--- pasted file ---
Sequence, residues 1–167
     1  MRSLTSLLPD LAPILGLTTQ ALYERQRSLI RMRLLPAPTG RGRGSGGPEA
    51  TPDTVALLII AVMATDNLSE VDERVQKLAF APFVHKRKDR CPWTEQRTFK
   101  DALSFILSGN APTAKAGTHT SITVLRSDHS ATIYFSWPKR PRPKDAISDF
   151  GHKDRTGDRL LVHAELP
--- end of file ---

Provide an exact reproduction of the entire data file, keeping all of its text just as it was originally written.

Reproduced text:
Sequence, residues 1–167
     1  MRSLTSLLPD LAPILGLTTQ ALYERQRSLI RMRLLPAPTG RGRGSGGPEA
    51  TPDTVALLII AVMATDNLSE VDERVQKLAF APFVHKRKDR CPWTEQRTFK
   101  DALSFILSGN APTAKAGTHT SITVLRSDHS ATIYFSWPKR PRPKDAISDF
   151  GHKDRTGDRL LVHAELP